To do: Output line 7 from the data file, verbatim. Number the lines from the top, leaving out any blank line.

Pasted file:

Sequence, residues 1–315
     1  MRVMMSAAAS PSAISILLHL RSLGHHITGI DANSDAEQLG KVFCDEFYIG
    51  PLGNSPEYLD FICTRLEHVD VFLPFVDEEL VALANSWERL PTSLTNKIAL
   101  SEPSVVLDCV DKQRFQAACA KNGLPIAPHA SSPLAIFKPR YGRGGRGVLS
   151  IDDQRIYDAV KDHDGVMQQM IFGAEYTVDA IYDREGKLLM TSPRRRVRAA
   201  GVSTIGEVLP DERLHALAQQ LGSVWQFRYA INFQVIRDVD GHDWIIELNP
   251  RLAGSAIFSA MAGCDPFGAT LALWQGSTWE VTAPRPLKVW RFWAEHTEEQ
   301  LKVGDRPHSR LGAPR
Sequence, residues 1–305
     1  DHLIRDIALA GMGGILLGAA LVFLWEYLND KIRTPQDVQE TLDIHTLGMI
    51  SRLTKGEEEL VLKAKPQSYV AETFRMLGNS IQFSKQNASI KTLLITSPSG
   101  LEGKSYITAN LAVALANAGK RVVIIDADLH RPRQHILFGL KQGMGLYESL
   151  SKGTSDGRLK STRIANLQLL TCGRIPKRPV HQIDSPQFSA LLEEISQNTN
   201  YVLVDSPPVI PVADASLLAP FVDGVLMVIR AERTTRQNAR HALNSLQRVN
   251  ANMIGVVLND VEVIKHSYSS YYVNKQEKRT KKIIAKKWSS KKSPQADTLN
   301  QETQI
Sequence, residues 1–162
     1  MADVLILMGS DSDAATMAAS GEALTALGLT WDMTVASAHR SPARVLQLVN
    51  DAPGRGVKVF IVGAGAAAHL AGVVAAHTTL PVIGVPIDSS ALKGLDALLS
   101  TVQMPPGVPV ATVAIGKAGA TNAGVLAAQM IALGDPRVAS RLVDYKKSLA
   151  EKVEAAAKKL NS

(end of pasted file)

   251  RLAGSAIFSA MAGCDPFGAT LALWQGSTWE VTAPRPLKVW RFWAEHTEEQ